QUODDY NEWS BRIEFS - JULY 30TH, 2005
Dateline August 1, 20051. INFORMATION KIOSK OPEN HOUSE, Sunday, July 31 at 4 pm.
The St. Croix EstuaryProject Inc.(SCEP) will be opening an information kiosk at the Adventure Centre located at thehead of the wharf in St. Andrews. Information about the the Quoddy Region and its importanceand value will be the theme. Organizations such as the Save Passamaquoddy Bay groups, NBConservation Council, Town of St. Andrews, and others are invited to have small exhibits. Thebuilding can also be used for meetings of small groups.
2. MOUNTAIN EQUIPMENT COMPANY (MEC) SUPPORTS HEAD HARBOUR RESEARCH.
SCEP is delighted toannounce we have received a $10,000 grant to do research on HeadHarbour Passage. This will allow us to bring together historical data, set up a summer research initiative (hopefully at the Head Harbour Lighthouse - we are currently talking to theBoard of Directors), engage the local community and begin the process of protecting this vitalnatural resource. MEC is an important corporation that champions the preservation of naturalareas that its customers enjoy and we view this as one of the most important awards we havereceived. We are seeking funding partners for this work. For more information, you cancontact me at email@example.com.
2. FERC NOW IN CONTROL
. As everyone now knows the Energy Bill allowing FERC to siteLNG terminals has passed and is on its way to the White House for the President's signature. As a consequence, any vote by the Robbinston Selectmen, The State of Maine, or other localregulators is "trumped" by this new provision. Nevertheless, it is clear that there will belitigation in some instances. From a Canadian perspective, there is little that we can do in thisregard, except to provide support to our US colleagues. (Be sure to read about conversationswith FERC in the St. Croix Courier, Tuesday's edition)
3. UN LAW OF THE SEA NOT YET PASSED THROUGH THE SENATE?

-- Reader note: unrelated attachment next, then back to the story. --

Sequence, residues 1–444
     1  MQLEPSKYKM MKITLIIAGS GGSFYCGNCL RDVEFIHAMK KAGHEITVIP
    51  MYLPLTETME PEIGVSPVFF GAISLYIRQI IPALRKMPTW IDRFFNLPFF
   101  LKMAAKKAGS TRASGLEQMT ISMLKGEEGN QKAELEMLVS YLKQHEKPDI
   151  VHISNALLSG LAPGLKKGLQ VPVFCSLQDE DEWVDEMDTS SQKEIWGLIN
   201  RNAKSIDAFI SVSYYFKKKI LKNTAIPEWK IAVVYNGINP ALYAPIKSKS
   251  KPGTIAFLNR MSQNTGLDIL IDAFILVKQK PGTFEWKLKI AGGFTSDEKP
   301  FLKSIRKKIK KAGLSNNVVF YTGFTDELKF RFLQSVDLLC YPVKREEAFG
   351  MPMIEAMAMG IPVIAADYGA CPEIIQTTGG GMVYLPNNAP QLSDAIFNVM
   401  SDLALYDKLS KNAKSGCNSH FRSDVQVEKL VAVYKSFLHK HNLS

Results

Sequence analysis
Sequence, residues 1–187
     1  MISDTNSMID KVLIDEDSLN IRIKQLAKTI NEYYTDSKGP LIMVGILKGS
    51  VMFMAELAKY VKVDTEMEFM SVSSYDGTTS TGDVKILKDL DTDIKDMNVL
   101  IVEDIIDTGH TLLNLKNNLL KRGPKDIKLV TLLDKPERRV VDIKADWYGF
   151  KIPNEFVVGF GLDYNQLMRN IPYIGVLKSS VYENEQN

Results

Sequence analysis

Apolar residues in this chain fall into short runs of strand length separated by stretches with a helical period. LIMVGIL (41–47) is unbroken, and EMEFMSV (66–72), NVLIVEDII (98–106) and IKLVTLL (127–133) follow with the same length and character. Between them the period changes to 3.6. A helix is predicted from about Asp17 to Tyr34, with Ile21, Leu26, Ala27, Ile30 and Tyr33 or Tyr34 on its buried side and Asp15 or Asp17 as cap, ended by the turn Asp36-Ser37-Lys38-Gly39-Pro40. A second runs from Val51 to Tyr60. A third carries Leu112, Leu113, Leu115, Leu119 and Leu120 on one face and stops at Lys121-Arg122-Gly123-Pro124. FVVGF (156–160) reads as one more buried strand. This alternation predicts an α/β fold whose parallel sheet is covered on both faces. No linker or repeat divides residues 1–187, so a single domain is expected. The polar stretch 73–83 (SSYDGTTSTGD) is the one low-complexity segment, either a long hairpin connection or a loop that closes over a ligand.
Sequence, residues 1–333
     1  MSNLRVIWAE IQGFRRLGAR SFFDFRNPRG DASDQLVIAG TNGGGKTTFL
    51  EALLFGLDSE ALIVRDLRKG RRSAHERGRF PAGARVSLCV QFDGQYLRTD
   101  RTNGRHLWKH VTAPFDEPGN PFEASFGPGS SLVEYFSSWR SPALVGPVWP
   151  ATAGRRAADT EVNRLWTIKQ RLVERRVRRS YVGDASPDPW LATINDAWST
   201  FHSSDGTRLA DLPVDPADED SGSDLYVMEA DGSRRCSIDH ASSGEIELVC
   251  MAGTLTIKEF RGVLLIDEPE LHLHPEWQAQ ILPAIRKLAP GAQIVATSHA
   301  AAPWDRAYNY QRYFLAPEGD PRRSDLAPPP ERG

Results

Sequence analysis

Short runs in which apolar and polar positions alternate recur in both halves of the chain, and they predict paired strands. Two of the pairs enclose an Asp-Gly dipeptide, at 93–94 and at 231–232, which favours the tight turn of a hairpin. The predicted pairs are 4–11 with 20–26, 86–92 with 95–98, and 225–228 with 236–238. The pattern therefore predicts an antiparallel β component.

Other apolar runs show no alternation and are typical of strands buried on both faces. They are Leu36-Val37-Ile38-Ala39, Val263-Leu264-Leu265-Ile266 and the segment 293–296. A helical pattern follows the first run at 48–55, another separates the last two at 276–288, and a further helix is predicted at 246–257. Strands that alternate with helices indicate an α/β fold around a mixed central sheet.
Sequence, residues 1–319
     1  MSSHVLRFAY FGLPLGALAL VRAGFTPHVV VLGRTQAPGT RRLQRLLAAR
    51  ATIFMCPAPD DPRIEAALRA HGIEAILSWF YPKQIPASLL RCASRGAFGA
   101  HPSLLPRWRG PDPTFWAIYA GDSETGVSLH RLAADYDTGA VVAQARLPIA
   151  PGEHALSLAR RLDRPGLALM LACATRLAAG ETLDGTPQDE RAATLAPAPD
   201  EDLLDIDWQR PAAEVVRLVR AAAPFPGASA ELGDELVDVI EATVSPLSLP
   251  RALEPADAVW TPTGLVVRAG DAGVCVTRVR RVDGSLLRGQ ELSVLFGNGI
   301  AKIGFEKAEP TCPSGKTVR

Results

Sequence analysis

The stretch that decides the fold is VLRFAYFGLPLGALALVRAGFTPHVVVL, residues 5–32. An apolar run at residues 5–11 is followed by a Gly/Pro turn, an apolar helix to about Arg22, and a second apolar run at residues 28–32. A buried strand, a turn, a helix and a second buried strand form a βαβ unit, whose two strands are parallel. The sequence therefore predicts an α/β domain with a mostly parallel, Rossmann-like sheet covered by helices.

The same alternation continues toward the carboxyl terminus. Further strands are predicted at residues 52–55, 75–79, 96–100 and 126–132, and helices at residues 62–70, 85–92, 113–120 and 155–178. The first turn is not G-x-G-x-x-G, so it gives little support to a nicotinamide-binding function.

The UN Law of TheSea Treaty's right of "innocent passage" is much on everyone's mind. According to the UN:
April 2005 - The Law of the Sea Treaty was adopted by the United Nations in 1982 and entered into force in 1994. Although the United States played a lead role in drafting the treaty, theReagan Administration did not sign it due to concerns relating to certain deep seabed mining provisions. However, since the negotiations began in 1973, every US Administration hassupported the treaty in its entirety except for the deep seabed mining provisions, and theUnited States has accepted and complied with all other provisions of the treaty. In 1994, alegally-binding agreement altering the treaty was concluded, addressing all US concernsregarding deep seabed mining. The agreement was subsequently signed by the United Statesand must now receive the advice and consent of the Senate before it can be ratified by theUnited States.
Full text... As far as I can tell, there has not been any action on this recently. The last information I couldfind is from February, 2005 and it was still with the Senate and getting some flack. This bringsto question the rights of the USA in waters of signing states. Do they have any???? It soundslike they "supported the treaty", but did they sign it? This might be important. If anyone has ananswer , please let me know. Thanks.
4. TERRORISM CONCERNS
. I have received some information back from the Governor'smeeting in Connecticut and there will be some interesting news in the St. Croix Courier Tuesday. One thing that has emerged is concern that the Law of the Sea is weak relative tothe threat from terrorism. In addition, CANADA HAS OBLIGATIONS TO PROTECT ITSINTERESTS FROM TERRORISM AS WELL! The weak wording of the UNLOSC makesentrance of terrorists on foreign ships like LNG tankers a real concern. Within this context,these ships could be viewed as huge "floating bombs" and Canada, under the UNLOSC will